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Published: February 28, 2006


Love Your "Dogs"

Second, professional money managers as a group are limited in their ability to compensate for this type of bias. Technically, they have the ability to eliminate the gap between erroneous expectations and true value via arbitrage (transaction strategies designed to profit from fluctuations in market value). But in practice, the use of arbitrage by professional managers is constrained by what economists call agency issues: investment styles, concerns about deviations from benchmark performance, and institutional practices.

To be sure, the distortion of any one company’s share price diminishes over time; perception eventually catches up with reality. But the transition can take years. Behavioral finance has recently gained increased legitimacy because it has helped investors realize significant returns by exploiting the gap between the irrationally perceived value of shares and their actual potential value.

Past Dogs, Future Performers
Perhaps the most common misperception that leads investors and corporate decision makers to prefer glamour over value assets is the simple effect of hindsight. We saw this in our study of U.S. stock market performance. We employed a common research methodology: sorting stocks into monthly portfolios, which were then sorted into deciles as measured by market-to-book value, looking at the years 1975 through 2004. (See "Methodology.") We then calculated the returns to investors over a five-year horizon for each decile. The decile results were aggregated for each of the monthly portfolios. We characterized the top decile as “market stars” (our own name for glamour stocks) and the bottom decile as “market dogs” (equivalent to value stocks).


The sample includes all U.S. stocks that had publicly traded equity between 1975 and 2004 (for all or part of the time
period). For each month of the 1975–1999 sample period, all stocks were ranked according to the market-to-book value of their stock and sorted into deciles. Five-year market-adjusted returns for each decile were calculated as the 60-month forward-looking buy-and-hold return for the decile less the 60-month buy-and-hold return on the Standard & Poor’s 500 Index over the same period.

This process was repeated each month from January 1975 to December 1999, and the statistics presented in the exhibits are time-series averages of the monthly portfolio returns over the sample period. Balance sheet and operating income data is matched with stock price data to reflect publicly available information at the time of portfolio formation. The source for all data is the Compustat database from Standard & Poor’s.

Just as behavioral economists might predict, the market dogs consistently and substantially outperformed the market stars in shareholder value creation. Indeed, over the period of our research, the dogs outperformed the stars by an average of nearly 20 percent annually. Market dogs exceeded the market returns by 13 percent annually. (See Exhibit 1.) Other researchers have found results consistent with our data for nearly all equity markets in Europe and Asia.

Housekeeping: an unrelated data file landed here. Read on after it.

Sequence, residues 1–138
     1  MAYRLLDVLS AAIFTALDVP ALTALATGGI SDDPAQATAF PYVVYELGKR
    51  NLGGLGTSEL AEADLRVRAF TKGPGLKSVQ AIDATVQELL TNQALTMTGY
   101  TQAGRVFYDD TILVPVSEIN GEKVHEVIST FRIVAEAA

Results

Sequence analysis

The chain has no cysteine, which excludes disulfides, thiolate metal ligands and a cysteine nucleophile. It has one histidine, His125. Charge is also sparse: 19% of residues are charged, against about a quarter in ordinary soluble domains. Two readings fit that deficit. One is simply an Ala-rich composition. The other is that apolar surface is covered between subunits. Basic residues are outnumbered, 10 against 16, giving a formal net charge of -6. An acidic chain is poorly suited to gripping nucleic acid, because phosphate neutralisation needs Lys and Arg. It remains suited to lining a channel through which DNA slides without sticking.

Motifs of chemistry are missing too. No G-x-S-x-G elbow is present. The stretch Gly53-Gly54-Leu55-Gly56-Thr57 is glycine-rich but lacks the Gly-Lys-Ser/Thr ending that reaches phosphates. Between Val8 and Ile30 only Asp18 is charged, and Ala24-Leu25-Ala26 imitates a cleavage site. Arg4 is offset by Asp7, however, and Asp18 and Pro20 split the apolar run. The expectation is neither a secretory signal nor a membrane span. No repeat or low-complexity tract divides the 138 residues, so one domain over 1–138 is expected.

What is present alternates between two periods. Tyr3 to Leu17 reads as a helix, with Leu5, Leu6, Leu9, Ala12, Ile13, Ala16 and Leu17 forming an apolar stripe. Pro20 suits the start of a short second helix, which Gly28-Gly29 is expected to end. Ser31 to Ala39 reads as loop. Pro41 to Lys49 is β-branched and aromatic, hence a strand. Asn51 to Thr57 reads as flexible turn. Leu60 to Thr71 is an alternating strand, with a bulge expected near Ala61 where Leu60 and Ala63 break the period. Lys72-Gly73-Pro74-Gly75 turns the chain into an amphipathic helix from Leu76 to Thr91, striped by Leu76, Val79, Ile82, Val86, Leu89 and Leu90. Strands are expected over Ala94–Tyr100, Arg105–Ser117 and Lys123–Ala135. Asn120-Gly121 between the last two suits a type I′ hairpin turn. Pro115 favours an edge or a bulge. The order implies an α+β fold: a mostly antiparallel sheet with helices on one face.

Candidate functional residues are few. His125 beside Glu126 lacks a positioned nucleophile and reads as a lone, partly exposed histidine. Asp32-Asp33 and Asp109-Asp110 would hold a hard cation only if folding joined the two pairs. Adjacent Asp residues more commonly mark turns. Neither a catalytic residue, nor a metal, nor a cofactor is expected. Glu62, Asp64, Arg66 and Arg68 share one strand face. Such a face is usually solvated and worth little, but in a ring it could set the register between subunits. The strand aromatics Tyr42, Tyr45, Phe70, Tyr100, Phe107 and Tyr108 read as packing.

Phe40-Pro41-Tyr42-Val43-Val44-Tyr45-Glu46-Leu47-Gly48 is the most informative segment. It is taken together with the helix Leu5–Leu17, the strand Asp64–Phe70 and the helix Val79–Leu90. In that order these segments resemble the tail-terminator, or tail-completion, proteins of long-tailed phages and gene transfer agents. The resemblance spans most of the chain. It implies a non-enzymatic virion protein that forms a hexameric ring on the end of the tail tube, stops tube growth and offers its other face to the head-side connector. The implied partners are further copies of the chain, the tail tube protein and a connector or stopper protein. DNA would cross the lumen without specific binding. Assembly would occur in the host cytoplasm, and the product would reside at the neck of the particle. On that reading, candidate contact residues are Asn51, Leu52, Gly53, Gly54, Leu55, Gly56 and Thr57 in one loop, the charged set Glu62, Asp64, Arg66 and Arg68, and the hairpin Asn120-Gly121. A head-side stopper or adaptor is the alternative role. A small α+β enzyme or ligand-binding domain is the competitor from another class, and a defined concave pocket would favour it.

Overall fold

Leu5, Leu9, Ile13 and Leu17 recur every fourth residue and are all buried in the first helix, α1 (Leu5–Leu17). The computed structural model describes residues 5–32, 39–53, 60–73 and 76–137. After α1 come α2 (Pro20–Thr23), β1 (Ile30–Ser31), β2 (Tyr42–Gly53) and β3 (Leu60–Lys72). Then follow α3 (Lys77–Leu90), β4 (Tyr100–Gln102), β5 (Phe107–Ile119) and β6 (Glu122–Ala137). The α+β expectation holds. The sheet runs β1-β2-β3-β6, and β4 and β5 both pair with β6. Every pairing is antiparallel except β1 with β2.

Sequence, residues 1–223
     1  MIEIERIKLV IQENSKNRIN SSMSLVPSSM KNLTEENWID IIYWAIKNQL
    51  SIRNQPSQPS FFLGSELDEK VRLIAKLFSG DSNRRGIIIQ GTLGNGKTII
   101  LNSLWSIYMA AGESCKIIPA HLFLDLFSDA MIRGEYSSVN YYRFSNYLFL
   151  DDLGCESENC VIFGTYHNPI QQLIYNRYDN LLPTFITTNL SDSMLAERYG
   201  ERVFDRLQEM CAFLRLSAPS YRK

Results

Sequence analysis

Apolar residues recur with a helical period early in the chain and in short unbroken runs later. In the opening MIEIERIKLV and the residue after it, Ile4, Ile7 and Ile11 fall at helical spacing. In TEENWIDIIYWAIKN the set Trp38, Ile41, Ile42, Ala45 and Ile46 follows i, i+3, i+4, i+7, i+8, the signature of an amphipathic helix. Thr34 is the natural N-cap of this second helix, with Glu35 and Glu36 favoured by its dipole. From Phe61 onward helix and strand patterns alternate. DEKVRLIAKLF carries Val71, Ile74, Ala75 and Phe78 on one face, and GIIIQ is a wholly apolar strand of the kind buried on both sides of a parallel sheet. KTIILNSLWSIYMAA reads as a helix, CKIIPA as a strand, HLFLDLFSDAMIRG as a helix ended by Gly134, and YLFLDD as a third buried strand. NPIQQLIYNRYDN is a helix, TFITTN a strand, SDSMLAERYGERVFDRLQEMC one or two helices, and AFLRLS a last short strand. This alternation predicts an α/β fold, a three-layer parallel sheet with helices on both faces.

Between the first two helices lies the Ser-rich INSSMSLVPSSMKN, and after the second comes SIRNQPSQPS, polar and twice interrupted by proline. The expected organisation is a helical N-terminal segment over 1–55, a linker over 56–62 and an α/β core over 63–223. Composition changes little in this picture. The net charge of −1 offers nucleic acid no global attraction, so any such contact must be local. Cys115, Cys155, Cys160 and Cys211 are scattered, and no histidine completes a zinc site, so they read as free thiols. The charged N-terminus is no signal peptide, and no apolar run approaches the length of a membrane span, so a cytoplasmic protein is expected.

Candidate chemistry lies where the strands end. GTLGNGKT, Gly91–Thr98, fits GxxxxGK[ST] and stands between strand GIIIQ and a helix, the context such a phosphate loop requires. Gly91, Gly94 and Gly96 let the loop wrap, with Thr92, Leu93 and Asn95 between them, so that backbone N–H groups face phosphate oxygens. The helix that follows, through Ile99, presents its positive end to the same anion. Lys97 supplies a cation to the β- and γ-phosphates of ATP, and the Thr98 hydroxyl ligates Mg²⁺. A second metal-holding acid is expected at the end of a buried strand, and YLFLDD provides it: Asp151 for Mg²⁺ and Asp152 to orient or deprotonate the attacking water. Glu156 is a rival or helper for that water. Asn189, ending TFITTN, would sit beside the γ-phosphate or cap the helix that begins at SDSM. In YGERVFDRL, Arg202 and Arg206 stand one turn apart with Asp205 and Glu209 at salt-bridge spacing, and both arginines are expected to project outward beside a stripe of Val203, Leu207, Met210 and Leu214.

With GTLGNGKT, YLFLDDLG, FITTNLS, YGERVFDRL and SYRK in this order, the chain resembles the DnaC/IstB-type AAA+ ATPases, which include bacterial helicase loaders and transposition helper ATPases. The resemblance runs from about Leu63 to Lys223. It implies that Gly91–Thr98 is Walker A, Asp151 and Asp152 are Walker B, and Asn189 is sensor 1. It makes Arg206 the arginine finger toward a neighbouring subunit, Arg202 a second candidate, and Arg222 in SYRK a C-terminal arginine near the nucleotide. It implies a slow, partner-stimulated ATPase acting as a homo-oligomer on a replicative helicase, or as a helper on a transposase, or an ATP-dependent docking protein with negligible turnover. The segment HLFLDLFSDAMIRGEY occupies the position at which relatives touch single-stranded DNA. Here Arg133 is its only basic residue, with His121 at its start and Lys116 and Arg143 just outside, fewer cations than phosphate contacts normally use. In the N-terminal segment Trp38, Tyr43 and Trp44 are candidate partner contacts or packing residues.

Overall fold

We investigated the data set to determine what operating factors investors could have used to distinguish market dogs from market stars. One factor provides a clear correlation. As Exhibit 2 shows, investors use past operating performance to characterize companies.

We then compared actual past operating performance with the future expectations required to justify the current stock price. As expected, there is high positive correlation between past performance and future expectations. However, past performance is negatively correlated with actual performance. (See Exhibit 3.) Established valuation methodology prescribes that stocks be valued on future (not past) earning streams. Yet, many investors simply — and erroneously — assume that a company growing earnings at 10 percent per year will continue to do so. This extrapolation, unsupported by actual market history, is the primary driver of the difference in returns between the market dogs and the market stars.

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  1. Louis K.C. Chan and Josef Lakonishok, “Value and Growth Investing — Review and Update,” Financial Analysts Journal, vol. 60, no. 1, January–February 2004: Survey of the empirical literature concluding that value investing generates superior returns.
  2. Eugene Fama, “Market Efficiency, Long-Term Returns and Behavioral Finance,” Journal of Financial Economics, vol. 49, no. 3, 1998: Theoretical study of the “anomalies” caused by investor attitudes.
  3. Matthias Hild and Tim Laseter, “Reinhard Selten: The Thought Leader Interview,” s+b, Summer 2005: The Nobel Prize–winning theorist of the “winner’s curse.” Click here.
  4. Josef Lakonishok, Andrei Shleifer, and Robert Vishny, “Contrarian Investment, Extrapolation and Risk,” Journal of Finance, vol. 49, no. 5, 1994: Evidence that value strategies succeed because of the “suboptimal behavior of the typical investor.”
  5. James Montier, Behavioural Finance: A User’s Guide (John Wiley & Sons, 2002): Dense, informative overview by the director of global strategy at Dresdner Kleinwort Wasserstein in London.
  6. Michael Schrage, “Daniel Kahneman: The Thought Leader Interview,” s+b, Winter 2003: The Nobel Prize–winning theorist of the “law of small numbers.” Click here.
  7. Hersh Shefrin, Beyond Greed and Fear: Understanding Behavioral Finance and the Psychology of Investing (Harvard Business School Press, 2000): Practical introduction (with investment examples).